Magazine article Science News

Language Disorder Tied to Sound Perception

Magazine article Science News

Language Disorder Tied to Sound Perception

Article excerpt

The conversational stream of daily life may flow by so quickly that it drowns out the ability of some children to distinguish discrete sounds and words and, as a result, to make sense of speech, a new study suggests.

An impairment of this type may set the stage for specific language impairment (SLI), a marked inability to use and understand speech that occurs in as many as 1 in 20 children, reports a research team led by neuroscientist Beverly A. Wright of Northwestern University in Evanston, Ill.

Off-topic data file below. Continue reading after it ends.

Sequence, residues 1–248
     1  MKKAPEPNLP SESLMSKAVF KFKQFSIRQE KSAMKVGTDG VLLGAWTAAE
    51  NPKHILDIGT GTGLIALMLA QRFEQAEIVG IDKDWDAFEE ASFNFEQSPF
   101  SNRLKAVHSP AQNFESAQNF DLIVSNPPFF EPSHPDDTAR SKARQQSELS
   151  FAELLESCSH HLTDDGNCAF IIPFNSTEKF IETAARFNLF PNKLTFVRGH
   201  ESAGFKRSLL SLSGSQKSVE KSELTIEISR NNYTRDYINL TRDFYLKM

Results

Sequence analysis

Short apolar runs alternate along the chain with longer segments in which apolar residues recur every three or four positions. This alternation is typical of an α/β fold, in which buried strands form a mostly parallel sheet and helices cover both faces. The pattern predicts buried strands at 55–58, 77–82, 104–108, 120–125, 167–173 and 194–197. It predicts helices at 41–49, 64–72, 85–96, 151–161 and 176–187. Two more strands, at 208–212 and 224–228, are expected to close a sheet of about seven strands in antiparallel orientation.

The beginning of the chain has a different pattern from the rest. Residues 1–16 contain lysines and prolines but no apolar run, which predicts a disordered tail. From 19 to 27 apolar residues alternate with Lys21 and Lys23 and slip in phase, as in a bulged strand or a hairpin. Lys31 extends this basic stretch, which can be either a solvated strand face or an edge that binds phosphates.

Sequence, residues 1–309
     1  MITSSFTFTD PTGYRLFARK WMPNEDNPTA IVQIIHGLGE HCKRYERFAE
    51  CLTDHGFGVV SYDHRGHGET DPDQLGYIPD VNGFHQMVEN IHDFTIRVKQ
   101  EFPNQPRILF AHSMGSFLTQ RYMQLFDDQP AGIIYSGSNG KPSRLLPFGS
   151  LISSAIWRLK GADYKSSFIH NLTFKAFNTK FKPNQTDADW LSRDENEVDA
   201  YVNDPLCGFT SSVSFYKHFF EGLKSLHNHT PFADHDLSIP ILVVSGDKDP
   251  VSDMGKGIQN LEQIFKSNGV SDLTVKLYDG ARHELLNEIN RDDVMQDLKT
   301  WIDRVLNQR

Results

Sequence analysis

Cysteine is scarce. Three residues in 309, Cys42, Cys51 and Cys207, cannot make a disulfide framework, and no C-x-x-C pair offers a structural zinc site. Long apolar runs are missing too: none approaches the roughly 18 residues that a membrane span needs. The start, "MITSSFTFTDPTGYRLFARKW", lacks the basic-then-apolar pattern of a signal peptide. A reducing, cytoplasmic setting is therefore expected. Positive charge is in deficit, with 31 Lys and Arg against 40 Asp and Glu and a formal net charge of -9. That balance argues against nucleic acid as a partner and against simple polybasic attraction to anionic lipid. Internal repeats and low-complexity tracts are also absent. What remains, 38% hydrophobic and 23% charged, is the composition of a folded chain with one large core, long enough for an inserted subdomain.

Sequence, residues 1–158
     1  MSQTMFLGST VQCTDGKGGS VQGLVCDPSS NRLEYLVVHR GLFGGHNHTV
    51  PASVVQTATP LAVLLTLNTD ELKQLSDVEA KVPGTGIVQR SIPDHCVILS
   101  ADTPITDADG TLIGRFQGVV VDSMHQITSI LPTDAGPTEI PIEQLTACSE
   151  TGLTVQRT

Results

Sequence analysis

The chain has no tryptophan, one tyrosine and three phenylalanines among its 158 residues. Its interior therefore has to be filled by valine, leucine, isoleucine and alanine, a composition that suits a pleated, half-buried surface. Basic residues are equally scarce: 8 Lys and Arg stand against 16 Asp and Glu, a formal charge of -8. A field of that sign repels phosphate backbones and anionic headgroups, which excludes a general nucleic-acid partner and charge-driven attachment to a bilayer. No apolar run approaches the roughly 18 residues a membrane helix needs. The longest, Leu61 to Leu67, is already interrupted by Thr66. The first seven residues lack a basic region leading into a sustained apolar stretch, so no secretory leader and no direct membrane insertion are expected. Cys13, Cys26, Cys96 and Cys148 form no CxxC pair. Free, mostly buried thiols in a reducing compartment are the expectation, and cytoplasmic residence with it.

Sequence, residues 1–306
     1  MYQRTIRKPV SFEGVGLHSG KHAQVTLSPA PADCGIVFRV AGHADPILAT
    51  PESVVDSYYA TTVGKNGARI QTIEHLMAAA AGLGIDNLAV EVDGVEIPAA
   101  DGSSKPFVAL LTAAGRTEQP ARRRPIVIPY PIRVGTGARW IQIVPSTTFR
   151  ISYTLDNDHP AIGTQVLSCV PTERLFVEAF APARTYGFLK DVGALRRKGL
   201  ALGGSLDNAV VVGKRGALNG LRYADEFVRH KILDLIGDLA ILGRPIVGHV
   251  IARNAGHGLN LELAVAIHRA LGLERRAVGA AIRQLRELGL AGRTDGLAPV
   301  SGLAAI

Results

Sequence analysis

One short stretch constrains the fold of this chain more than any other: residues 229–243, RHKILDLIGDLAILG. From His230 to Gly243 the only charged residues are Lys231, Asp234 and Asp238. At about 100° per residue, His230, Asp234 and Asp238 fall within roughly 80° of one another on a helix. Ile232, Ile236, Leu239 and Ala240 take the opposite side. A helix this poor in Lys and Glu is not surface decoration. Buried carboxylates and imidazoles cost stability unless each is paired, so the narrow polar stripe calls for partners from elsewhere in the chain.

"This study provides a basis for early identification of [specific language impairment] and helps us to define the condition more precisely," says coauthor Michael M. Merzenich of the University of California, San Francisco.

The finding also coincides with evidence that SLI involves a broad range of problems, such as difficulties in pronouncing sounds of all kinds (SN: 2/4/95, p. 70). Other investigators, however, theorize that SLI stems from disturbances in brain circuits devoted specifically to grammar.

Wright's group studied eight children diagnosed with SLI and eight youngsters who displayed good language skills. The participants averaged 8 years of age. Each listened to a brief tone that was presented just before, during, or just after either of two "masking" sounds, one of a frequency similar to the tone and the other of a contrasting frequency.

In similar-frequency masking trials, language-proficient kids found it easiest to detect a tone that preceded the masking sound and hardest to detect a tone that occurred simultaneously with it. …

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